Let clients know about your program. “Get some displays and posters,” South advises, “and write a letter to your clients with a mission statement.” The sooner clients know your goals, the sooner they can begin to participate. At least they will know that your business is doing its part and will generally support your efforts. Both Trunk-field and South report that clients have been enthusiastic about their programs. “People who forget their bottles go back for them,” says South. “They do it because they want to – they don’t do it for 25¢”
To heighten awareness, offer environmental magazines and literature in the salon reception area. Clients will spend their time learning why recycling is important.
START WITH THE BASICS
Most businesses start a recycling program that focuses on glass, aluminum, newspaper, and plastic. Once your employees have formed the habit, recycling isn’t difficult, but at the beginning there are some guidelines to be followed.
Glass. One hundred percent recyclable glass is used to make other glass products. To recycle glass, remove metal or plastic caps and collars. Paper labels can be left on the jar. Check with your recycling center to find out whether rinsing is required. Bottles that contained chemicals should be thoroughly cleaned before recycling, and you should check with your center to be sure they’ll accept clean polish bottles, acrylic liquid bottles, and glass bottles that contained other chemicals. In general, these are not as readily accepted as bottles that contained lotion or liquid soaps. Sort the bottles according to color. Finally, do not mix tempered, Pyrex, or microwavable glass with regular glass bottles.
Aluminum. Aluminum is one of the materials most readily accepted by recycling centers. Before recycling cans, rinse and bag them. Crushing the can is usually not necessary, but it will save you space. Aluminum foil, pie plates, and food containers can also be recycled, as well as scrap aluminum from such things as window screens. “The neat thing is that more than half of the aluminum from recycled soda cans is back on the shelves in a few weeks as new cans,” says South.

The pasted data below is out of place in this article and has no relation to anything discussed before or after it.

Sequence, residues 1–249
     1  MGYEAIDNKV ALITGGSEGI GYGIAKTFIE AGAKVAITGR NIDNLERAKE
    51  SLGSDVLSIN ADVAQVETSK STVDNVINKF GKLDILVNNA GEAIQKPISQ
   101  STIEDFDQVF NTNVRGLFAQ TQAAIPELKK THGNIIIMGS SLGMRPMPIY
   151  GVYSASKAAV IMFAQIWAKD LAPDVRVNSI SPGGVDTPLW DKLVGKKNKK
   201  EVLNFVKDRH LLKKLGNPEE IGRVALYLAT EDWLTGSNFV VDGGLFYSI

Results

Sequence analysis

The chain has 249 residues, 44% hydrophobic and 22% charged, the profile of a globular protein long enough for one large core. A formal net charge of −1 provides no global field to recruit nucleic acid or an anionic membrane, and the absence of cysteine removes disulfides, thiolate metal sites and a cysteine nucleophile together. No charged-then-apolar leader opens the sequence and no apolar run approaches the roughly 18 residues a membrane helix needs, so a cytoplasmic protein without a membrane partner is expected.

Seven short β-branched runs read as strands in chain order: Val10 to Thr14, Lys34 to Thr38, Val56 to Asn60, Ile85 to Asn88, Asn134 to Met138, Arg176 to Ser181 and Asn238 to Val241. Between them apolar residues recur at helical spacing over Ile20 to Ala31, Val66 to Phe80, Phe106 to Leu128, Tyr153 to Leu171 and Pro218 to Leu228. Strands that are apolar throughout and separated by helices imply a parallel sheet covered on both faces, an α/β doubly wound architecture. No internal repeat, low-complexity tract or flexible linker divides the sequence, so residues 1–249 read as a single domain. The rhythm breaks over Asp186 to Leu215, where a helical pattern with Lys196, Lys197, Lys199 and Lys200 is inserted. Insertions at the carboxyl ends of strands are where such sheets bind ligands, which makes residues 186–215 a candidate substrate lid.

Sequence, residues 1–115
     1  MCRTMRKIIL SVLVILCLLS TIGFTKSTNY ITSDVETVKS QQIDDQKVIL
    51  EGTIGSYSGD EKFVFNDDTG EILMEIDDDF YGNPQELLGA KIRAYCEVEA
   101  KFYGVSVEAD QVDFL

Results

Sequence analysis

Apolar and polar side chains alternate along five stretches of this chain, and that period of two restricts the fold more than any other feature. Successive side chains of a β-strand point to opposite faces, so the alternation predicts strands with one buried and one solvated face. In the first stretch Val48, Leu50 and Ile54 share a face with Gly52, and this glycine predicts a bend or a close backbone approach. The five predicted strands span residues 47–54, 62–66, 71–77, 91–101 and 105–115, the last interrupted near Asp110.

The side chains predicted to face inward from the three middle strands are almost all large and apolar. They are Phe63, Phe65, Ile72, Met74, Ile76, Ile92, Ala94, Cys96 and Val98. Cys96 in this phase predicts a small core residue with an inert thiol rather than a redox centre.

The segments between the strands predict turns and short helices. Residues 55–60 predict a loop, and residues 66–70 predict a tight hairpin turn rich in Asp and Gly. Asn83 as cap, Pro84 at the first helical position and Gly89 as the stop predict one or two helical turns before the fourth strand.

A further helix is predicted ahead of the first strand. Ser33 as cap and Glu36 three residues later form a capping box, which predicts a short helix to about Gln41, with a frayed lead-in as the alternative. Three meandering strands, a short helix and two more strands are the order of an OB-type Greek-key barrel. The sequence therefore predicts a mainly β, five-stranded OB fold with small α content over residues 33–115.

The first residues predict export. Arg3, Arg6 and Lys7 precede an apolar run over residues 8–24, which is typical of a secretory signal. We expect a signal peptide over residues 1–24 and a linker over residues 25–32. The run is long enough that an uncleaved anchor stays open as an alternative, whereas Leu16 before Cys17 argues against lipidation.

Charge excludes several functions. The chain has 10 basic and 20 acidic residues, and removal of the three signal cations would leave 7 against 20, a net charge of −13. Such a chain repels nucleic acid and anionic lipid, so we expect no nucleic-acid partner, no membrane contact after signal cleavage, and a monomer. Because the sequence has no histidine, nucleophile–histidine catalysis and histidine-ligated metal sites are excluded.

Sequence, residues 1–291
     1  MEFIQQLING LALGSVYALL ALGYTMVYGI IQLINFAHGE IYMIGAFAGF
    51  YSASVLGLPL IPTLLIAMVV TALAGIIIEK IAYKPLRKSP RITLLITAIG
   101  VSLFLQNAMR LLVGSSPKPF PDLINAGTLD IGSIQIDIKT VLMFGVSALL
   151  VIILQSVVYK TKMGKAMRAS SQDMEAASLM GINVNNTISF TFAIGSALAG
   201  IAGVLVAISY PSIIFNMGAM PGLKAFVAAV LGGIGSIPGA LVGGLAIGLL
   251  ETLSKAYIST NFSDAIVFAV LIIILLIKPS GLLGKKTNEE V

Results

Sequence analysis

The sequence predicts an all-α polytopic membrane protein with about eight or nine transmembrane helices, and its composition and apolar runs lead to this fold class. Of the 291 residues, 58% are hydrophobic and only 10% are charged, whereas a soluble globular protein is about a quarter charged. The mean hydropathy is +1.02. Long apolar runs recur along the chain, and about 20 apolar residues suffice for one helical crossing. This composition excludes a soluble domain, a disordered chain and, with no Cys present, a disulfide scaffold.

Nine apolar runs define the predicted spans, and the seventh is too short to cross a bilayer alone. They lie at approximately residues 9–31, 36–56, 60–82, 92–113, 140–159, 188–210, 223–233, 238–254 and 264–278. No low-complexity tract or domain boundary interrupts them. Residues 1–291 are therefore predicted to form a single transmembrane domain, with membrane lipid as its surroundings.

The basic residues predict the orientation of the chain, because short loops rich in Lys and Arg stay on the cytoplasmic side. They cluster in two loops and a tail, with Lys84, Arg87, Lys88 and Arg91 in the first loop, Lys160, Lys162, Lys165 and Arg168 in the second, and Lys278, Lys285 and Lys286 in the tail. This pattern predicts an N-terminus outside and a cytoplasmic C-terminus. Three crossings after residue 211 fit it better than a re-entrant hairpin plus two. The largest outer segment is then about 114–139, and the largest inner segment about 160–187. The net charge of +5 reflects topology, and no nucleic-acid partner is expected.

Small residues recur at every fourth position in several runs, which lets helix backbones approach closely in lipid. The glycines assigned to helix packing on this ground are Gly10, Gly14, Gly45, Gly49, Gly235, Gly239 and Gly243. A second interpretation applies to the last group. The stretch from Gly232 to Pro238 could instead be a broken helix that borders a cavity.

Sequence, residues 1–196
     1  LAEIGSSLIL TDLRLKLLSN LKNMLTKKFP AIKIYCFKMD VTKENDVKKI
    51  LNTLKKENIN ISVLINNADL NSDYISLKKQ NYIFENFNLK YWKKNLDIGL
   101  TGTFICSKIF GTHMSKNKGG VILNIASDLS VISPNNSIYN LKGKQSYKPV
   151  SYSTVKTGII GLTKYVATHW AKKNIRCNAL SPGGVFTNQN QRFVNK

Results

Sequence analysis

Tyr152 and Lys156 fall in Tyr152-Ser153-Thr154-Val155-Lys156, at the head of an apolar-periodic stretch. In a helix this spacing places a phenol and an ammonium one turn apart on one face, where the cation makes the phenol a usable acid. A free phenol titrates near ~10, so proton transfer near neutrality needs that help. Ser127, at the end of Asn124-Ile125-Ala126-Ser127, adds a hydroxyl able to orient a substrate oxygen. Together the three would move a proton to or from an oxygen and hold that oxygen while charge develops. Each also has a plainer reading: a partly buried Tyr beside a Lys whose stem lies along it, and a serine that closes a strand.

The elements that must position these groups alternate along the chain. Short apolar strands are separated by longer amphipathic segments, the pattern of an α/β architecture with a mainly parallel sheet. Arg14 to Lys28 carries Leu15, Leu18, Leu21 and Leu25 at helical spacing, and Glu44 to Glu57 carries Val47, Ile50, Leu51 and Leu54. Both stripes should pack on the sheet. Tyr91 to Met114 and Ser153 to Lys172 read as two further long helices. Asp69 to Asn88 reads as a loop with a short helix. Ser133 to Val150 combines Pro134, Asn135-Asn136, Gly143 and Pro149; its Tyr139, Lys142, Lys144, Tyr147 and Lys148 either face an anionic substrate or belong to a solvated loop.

Newspaper. Newspaper is one of the most convenient materials to recycle – simply stack it and send it to the recycling center. Be sure no magazines or glossy advertising materials are mixed in, as these will contaminate the batch. Magazines can be recycled, but with difficulty. Check with your recycling center.
Plastic. “No one thinks plastic is being recycled, but it’s the most valuable material after aluminum,” says South. At least two kinds of plastic are recyclable; check with your local center to learn what they accept.
High-density polyethylene (HDPE) plastic is used for one- and two-liter soda containers as well as many salon products. Polyethylene (PET) plastic is a harder plastic used for milk and water jugs and colored liquid detergent bottles. Clean, empty bottles made of both types of plastic can be recycled. Separate each type of plastic before recycling. Many containers are coded for recycling, which makes your job easier. Codes are usually located on the bottom of plastic bottles. You’ll see either a number or the triangular recycling symbol with a number inside the triangle. Interestingly, recycled plastic containers are usually made into permanent (as opposed to disposable) plastic products, such as paint brushes, park benches, and manhole covers.
Whatever you choose to recycle, it’s important not to contaminate a load with other items. Keep trash out of your aluminum bin and don’t mix different types of plastic. Once your recycling program is in place, it takes only minutes per week to maintain.
ABOVE AND BEYOND
After you get in the habit of recycling, you may find yourself asking what else can be recycled. People don’t usually think of phone books, junk mail, cardboard, and computer paper as recyclable, but some centers will accent these items.
Another way to augment your recycling program is simply to refrain from buying what you will immediately throw out. Buy products in recyclable packaging and recycle that packaging. Have employees and clients use coffee mugs or tea cups instead of polystyrene (Styrofoam) cups. Avoid products with excess packaging if possible.
Finally, keep an eye on manufacturers’ activities. You will be pleasantly surprised to learn what each company is doing for the environment. Most are packaging their products in recyclable materials, creating products that are environmentally safe, or are in some way supportive of the environmentally safe, or are in some way supportive of the environmental movement. Look for – and patronize – environmentally conscious manufacturers.
THE FUTURE OF RECYCLING
As you begin taking steps to preserve the planet, you may find your interest in the entire movement growing. “What got me started was I felt the need to recycle,” says South. “I had always been into the environment of the salon with fresh flowers and music, and that interest continued outside the salon. Also, overuse of landfills is a big issue locally.” South’s interest led him to place displays, a globe, and environmental literature in his salon. At Christmas, Intrigue employees created a “Rain Forest Christmas Tree” with potted ferns. Now, Intrigue Salon purchases only recycled paper products and is interested in working to preserve the world’s rain forests.
“You can move on to other areas,” South says. Other salons may find they’re interested in animal rights, planting trees, or cleaning up their lakes and bays. Everyone can do something. It not only benefits the planet, but also your salon because clients are looking to you to set an example.
“We recycle because as a small business we’re saying to the community that we must take steps to preserve the environment,” says South. “If we can do it, why can’t other businesses?”